Ronald Reagan (b. 1911)
Reagan had arms registered in Switzerland around 1984.
The arms are: Or, a bear rampant sable, armed and langued gules holding between its forepaws a mullet argent; on a chief of the second, standing on a ducal coronet of the first a falcon argent, armed and langued of the third, wings displayed and inverted. Crest: On a gentleman's helmet proper a demi-horse sable, unguled or, charged on the shoulder with an actor's mask of the last. Motto: "Facta non verba".
Bill Clinton (b. 1946)
THe arms were granted by the Chief Herald of Ireland on June 15, 1995.
They are: Or a lion rampant gules charged with three bars argent holding in the dexter paw a branch of olive proper between in the dexter chief and sinister base a cross crosslet fitchée sable and in the sinister chief and dexter base a shamrock slipped vert. Crest: an anchor erect azure on the stock the letters SPES argent. Mantle: gules doubled argent. Motto: "An leon do bheir an chraobh". (For further information see an article by Sean Murphy on rec.heraldry on Oct. 15, 1999).
Captain John Smith (c. 1580-1631)
Arms: Vert a chevron gules between three Turk's heads couped proper the turbans or.
Registered in 1625 by the College of Arms (NEHGS Roll of Arms 151).
Peter Stuyvesant (c. 1610-72)
Arms: Per fess or and gules in chief a greyhound chasing a hare and in base a running stag all proper.
(NEHGS Roll of Arms 414).
William Penn (1644-1718)
Arms: Argent on a fess sable three plates. Crest: a demi-lion rampant gorged with a collar sable charged with three plates. Motto: Dum clavum teneam.
Benjamin Franklin (1706-90)
Arms: Argent on a bend between two lions' heads erased gules, a dolphin embowed of the first between two martlets or.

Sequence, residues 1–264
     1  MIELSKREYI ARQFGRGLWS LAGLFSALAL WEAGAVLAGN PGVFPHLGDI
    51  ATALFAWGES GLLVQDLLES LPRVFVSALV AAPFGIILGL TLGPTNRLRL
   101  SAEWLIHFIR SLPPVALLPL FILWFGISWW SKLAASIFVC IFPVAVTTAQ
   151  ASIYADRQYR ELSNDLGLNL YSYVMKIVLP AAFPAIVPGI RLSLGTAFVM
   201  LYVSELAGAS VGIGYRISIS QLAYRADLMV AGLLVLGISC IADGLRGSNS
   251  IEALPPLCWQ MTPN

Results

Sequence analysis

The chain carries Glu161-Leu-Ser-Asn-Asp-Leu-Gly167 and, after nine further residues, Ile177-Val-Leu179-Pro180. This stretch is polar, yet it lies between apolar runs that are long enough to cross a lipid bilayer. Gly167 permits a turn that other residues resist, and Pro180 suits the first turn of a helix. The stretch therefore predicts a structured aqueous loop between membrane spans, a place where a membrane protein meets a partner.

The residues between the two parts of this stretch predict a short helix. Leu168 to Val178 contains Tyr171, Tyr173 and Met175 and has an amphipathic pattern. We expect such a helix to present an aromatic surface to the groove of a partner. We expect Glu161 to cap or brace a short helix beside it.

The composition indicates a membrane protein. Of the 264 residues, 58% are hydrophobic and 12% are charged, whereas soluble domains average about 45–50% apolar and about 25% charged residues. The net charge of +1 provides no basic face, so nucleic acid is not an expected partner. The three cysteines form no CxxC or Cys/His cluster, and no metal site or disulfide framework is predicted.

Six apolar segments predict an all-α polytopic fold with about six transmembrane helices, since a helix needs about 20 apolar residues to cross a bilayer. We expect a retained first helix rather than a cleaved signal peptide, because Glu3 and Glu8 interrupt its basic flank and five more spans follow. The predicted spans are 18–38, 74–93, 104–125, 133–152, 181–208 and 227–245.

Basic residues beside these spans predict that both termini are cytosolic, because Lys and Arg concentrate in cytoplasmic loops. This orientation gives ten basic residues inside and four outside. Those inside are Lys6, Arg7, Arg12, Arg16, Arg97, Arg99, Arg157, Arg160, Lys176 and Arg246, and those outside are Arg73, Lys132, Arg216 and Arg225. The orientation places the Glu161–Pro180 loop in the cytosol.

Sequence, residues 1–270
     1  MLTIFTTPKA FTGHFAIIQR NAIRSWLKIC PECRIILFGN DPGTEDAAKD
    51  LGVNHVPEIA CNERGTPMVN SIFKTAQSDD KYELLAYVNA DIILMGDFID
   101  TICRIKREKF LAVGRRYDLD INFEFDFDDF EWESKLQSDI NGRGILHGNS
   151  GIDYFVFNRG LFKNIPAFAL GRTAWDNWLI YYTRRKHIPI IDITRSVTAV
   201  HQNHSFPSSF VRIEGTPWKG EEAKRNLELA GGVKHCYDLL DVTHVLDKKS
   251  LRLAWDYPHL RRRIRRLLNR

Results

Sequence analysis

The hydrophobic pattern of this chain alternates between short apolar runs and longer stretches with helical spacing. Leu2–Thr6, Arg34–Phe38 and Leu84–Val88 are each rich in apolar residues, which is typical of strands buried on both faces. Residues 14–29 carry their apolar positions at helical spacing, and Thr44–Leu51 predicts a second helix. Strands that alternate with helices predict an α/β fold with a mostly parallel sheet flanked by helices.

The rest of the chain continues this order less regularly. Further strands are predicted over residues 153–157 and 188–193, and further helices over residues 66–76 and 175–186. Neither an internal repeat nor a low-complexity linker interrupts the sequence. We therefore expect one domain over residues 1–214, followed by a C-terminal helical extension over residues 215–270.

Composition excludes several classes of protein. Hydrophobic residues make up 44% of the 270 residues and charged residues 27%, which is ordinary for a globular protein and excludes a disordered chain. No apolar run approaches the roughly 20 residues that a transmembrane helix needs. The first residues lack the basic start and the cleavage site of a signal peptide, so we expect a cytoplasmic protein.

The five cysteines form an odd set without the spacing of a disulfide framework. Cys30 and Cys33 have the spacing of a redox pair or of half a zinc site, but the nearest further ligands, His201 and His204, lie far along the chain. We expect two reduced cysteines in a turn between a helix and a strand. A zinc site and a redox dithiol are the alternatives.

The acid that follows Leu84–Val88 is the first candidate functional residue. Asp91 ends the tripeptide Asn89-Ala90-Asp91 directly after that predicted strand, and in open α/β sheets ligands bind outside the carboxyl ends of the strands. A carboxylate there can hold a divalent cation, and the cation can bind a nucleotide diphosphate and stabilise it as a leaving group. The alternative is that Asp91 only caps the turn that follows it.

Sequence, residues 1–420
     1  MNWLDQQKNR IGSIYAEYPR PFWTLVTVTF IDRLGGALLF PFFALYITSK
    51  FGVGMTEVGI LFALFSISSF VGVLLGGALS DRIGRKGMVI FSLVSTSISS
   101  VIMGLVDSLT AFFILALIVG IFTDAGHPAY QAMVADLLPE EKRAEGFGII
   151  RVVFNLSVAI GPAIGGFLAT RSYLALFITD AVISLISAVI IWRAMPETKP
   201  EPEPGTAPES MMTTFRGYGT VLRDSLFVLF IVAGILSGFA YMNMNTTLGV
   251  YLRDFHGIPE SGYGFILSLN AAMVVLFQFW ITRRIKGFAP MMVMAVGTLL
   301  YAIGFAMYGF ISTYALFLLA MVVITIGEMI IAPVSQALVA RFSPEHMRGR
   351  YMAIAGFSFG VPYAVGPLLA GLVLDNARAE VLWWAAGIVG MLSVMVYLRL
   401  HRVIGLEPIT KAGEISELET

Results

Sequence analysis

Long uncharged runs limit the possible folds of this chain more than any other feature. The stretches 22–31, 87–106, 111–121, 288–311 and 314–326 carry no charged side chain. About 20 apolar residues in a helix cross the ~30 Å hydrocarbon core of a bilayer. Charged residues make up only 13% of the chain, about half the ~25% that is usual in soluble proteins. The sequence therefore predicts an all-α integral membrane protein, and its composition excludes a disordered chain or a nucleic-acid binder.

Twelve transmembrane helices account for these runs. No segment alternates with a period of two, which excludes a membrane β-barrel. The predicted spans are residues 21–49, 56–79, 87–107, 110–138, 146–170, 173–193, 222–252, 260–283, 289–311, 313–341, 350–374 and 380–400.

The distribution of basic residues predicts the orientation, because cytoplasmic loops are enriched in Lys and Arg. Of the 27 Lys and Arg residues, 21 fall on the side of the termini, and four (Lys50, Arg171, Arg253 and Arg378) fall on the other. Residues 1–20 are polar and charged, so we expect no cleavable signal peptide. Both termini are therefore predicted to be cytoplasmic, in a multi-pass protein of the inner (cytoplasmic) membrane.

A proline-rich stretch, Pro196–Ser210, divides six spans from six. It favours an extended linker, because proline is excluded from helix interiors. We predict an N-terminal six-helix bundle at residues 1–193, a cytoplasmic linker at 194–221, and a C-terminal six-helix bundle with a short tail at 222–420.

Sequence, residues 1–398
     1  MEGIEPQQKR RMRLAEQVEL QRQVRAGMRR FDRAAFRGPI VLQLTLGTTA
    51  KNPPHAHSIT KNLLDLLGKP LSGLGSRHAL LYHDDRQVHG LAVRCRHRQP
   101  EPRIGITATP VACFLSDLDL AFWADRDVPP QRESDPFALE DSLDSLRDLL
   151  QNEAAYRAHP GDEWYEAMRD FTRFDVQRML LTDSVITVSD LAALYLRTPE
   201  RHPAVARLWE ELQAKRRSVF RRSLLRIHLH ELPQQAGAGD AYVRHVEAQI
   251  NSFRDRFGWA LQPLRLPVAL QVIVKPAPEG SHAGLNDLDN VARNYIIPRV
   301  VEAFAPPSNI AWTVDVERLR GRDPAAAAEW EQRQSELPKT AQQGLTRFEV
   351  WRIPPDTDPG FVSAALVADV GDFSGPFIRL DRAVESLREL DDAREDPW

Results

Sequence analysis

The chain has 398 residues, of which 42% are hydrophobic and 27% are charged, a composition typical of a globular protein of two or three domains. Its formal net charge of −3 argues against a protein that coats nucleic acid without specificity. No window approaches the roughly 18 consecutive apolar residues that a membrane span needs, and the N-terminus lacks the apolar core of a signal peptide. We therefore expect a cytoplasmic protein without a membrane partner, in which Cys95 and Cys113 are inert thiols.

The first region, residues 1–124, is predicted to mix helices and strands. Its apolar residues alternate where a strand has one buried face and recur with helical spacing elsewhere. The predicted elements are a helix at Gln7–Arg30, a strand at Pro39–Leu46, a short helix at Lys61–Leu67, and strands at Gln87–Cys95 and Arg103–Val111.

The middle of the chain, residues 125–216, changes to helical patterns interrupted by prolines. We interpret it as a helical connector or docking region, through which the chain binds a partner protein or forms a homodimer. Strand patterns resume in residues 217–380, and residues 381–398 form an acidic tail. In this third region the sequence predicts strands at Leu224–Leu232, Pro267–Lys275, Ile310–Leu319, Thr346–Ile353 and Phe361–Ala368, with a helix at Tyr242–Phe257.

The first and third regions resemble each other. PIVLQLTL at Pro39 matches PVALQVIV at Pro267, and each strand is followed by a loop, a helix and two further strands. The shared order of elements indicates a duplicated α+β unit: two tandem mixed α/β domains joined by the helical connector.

Note that the arms of both Penn and Franklin are recalled in the arms of the University of Pennsylvania: Argent on a chevron sable three plates, on a chief gules a dolphin embowed between two open books argent.
Paul Revere (1735-1818)
Arms: Argent three bars gules overall on a bend sinister of the field three fleurs-de-lys sinisterways.
On a bookplate of the patriot Paul Revere and one of his father Paul Revere Sr (Apollos Rivoire). They are reproduced in David Hackett Fischer's book Paul Revere's Ride (Oxford University Press, 1994).
John Paul Jones (1747-92)
Arms: Quarterly gules a stag statant (Jones) and ermine on a fess azure three crosses crosslet argent (Paul). Crest: a stag's head erased. Motto: Pro Republica.
From his seal. The arms were adopted when he was knighted by Louis XVI (Bolton's Armory).
Gouverneur Morris (1752-1816)
Arms: Quarterly Gules a lion rampant reguardant or and Argent three torteaux in fess.
Arms also used by Lewis Morris (1671-1746), governor of New York, his grandfather; and by other members of the Morris family.
Albert Gallatin (1761-1849)
Secretary of Treasury under Thomas Jefferson, of Genevan descent. Arms: Azure a fess argent between three besants.
Meriwether Lewis (1774-1809)
Descended from General Robert Lewis, immigrant from Wales to Virginia. (1638). Arms: argent a dragon's head and neck erased vert, holding in the mouth a bloody hand proper. Crest: a dragon's head and neck erased vert. Motto: omne solum forti patria est.Source: Crozier's Armory, p. 85; Vermont's America Heraldica, p. 171.
Robert E. Lee (1807-70)
Descended from Colonel Richard Lee, York Co. (1641). Arms: Gules a fess chequy azure and or between ten billets argent, four in chief, three, two and one in base. Crest: on a straff raguly fessways, a squirrel sejant proper cracking a nut, from the dexter end of the staff a hazel branch vert fructed or. Motto: ne incautus futuri.
I have found arms for 23 out of 55 signers. In each case the arms were used by the signer or members of his immediate family.
The National Archives has a list of the signers with links to complete biographies and portraits of each signer.
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Last modified: Feb 08, 2004